Two months ago, I wrote in this space: “I have no doubt that the International Rabbinic Fellowship will find a way to admit women as members, and as Rabbis, and thereby in the short-term necessitate a change in their name (already!) to the International Rabbinic Fellowship and Galship (IRFG).”  That it happened so soon is also not that surprising, as any movement that thrives on media attention needs regular injections of publicity. And there is a virtue in clarity, in dropping all the pretenses, the forced explanations and contrived titles, and being honest about intentions and objectives. (And when they ordain homosexual rabbis and officiate at same-sex marriages – first to be called “commitment ceremonies,” of course – they will be up to speed with their Reform and Conservative colleagues. Now, they are lagging by about two decades.)

       By the way, what kind of title is “Rabba” anyway ? The Reform and Conservative Rabbis all call themselves “Rabbi” – male and female. Rabba is a man’s name, to boot; roughly twenty amoraim were named Rabba, including, most famously, Rabba bar Nachmani, who must be rolling in his holy grave along with his famous bar plugta, Rav Yosef. Interestingly, the great Rabba was nicknamed “okeir harim” – the uprooter of mountains – for his keen analytical skills, while Rav Yosef was nicknamed “Sinai” for his prodigious memory. Is it fair to say that this new, female Rabba is just ….okeir Sinai ? (I.e., Okeret Sinai, of course.)

     And what is next – non-Jewish Rabbis ? And why not, you might ask. Is there some prohibition about having a non-Jew preach (or sing) from the pulpit ? Apparently not. Is there a prohibition against a non-Jew doing pastoral work ? Certainly not.  Is there some prohibition against a non-Jew leading psukei d’zimra or Lecha Dodi ? He (she) is only reading Hebrew. Can a non-Jew not pasken she’elot­ – assuming, of course, that they receive the same Torah training and education as a Jew ? Hmmm. Can a non-Jew not ascertain whether a wedding ring is a shaveh pruta ? Hmmm, you read it here first. Of course, a non-Jew cannot count in a minyan or read from the Torah or be a witness, but…never mind… This was meant facetiously –neither l’halacha nor l’maaseh! – but to illustrate where the embrace of pure individual autonomy, rejection of Mesora, and intellectual “creativity” lead.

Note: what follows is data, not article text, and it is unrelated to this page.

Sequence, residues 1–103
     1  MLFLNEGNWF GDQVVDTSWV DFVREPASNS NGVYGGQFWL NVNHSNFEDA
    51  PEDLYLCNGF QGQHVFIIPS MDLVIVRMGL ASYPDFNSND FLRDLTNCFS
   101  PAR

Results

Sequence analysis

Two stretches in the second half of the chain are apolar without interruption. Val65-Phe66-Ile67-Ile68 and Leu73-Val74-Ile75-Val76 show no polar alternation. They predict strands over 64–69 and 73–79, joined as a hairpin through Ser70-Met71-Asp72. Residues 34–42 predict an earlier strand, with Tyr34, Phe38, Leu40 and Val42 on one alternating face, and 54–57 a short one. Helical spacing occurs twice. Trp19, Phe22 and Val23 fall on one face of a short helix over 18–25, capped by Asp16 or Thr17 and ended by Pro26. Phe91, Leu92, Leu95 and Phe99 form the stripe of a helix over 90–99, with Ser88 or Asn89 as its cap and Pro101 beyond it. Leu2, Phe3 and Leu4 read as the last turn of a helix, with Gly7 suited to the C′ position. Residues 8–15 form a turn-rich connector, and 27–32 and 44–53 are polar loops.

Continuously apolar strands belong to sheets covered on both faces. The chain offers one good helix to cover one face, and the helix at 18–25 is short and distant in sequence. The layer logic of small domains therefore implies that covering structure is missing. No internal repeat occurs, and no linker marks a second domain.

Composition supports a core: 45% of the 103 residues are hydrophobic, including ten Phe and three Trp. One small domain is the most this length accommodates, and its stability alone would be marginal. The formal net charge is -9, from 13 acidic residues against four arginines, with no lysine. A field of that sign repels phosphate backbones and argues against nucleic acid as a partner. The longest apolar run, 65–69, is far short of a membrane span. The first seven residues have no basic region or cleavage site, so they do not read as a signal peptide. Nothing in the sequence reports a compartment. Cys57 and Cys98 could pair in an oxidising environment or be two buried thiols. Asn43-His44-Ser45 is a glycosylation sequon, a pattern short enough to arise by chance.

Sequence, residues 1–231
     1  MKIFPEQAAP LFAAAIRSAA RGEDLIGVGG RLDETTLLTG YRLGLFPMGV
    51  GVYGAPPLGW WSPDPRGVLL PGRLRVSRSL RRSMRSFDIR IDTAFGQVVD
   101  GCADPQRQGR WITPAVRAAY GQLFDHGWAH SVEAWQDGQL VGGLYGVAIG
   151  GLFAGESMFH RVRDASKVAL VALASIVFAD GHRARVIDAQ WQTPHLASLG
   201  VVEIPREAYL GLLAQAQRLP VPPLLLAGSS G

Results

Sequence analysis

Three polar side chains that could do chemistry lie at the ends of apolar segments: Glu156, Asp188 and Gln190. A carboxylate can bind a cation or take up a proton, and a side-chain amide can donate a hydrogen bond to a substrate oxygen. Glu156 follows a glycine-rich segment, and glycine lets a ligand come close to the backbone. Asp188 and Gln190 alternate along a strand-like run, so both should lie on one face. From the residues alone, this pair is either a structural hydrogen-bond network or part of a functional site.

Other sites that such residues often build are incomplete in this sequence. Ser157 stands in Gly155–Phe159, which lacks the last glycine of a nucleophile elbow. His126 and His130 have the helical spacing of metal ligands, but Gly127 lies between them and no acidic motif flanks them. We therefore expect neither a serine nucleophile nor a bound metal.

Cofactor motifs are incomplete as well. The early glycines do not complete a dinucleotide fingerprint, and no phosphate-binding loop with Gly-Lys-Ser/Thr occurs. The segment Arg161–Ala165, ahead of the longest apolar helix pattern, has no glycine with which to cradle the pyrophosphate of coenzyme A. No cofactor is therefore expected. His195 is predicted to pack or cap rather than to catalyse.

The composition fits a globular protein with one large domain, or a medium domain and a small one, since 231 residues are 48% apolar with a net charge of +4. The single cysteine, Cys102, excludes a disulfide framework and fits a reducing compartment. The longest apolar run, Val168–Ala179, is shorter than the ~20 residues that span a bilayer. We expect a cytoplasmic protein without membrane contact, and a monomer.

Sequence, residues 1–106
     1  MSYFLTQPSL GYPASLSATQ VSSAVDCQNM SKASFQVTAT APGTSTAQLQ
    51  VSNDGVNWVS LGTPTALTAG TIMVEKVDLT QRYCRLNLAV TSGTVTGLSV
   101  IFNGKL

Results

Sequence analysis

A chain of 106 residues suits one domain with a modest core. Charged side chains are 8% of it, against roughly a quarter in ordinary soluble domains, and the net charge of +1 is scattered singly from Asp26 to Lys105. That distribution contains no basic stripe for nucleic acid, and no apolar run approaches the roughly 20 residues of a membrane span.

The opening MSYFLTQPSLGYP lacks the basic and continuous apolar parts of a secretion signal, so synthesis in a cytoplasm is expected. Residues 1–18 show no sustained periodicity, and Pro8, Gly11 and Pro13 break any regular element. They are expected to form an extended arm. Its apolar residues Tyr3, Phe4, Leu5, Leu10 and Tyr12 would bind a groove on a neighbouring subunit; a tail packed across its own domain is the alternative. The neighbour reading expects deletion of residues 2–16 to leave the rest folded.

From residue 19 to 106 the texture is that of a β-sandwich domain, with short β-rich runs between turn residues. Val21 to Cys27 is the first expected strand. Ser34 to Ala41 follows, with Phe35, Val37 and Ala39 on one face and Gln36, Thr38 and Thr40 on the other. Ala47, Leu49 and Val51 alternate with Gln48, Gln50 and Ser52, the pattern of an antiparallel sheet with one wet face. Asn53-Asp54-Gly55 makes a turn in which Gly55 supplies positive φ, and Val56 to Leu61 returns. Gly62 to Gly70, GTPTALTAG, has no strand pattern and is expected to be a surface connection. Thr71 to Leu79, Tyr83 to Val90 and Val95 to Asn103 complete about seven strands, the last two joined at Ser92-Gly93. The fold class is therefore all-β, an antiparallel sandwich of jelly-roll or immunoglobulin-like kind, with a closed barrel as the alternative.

There are cogent halachic, philosophical and social objections to the ordination of women (related to serara, leadership, the normal functions of the Rabbinate that cannot be performed by women, psak, mesora, et al), but history provides the clearest instruction. The Conservative movement approved women’s ordination only after the death of Professor Lieberman, a Slabodka talmid who always seemed out of place in Morningside Heights. (Reportedly, when Professor Lieberman came to America, Rav Yitzchak Hutner asked him first to teach at Yeshivat Chaim Berlin; instead, he went to JTS… It was a different generation!) But when JTS ordained women, that decision was the primary catalyst for the founding of the Union of Traditional Judaism, a Conservative splinter group for which the ordination breach was just too much. Is it fair to conclude that, for those keeping score at home, that this puts IRFG (and its YCT patron; forget the cosmetic barrier erected between the two) somewhere to the left of UTJ, known colloquially as “right-wing Conservative”? If so, and apparently it is so, then shouldn’t YCTers now come home ? Did they originally see themselves as being outside the pale of Orthodoxy ? Did they realize that the legitimacy of their semicha would be challenged, and then rejected by the Torah world ? For most, certainly, I think not. Come home.

     The slope is no longer slippery, as the bottom has already been reached, for now at least. Modern Orthodoxy, and its leading Rabbinical organization, has to clarify where it stands, drawing lines in the sand where necessary, and deciding, regretfully and sadly, what – and who – is outside the world of Torah. No one needs another intramural fight, not with Iran’s nuclear bomb looming. But in this week’s sedra, Amalek attacked a Jewish nation “she’rafu yideihem min haTorah” – whose grasp of Torah slackened, loosened, and became more tenuous. We have to re-assert the fundamental norms of Torah, or we will cease being construed as authentic representatives of the Creator.

     One of those norms is the rejection of the anti-authoritarian streak of Western man, and the recognition that subservience to halachic authority is the hallmark of the Torah Jew. And the converse – the life of the libertine – is the antithesis of Torah, and the root of idolatry: the creation of G-d in man’s image. Most ModOs will reject this latest innovation, but the leftist fringe will keep pushing and pressuring, especially in small communities away from the center of Jewish life. We need to protect them, and push back, and state unequivocally – with love and tears – to those who are about to walk the plank: “This is not the way. Come home.”


19 responses to “Authority

  1. R’ Elyashiv maintains that one must wait six hours after pizza to eat meat and that the haredi internet is assur, among other things. I don’t see him as “the final, ultimate authority whose decision will be obeyed by all serious Jews” in the haredi world.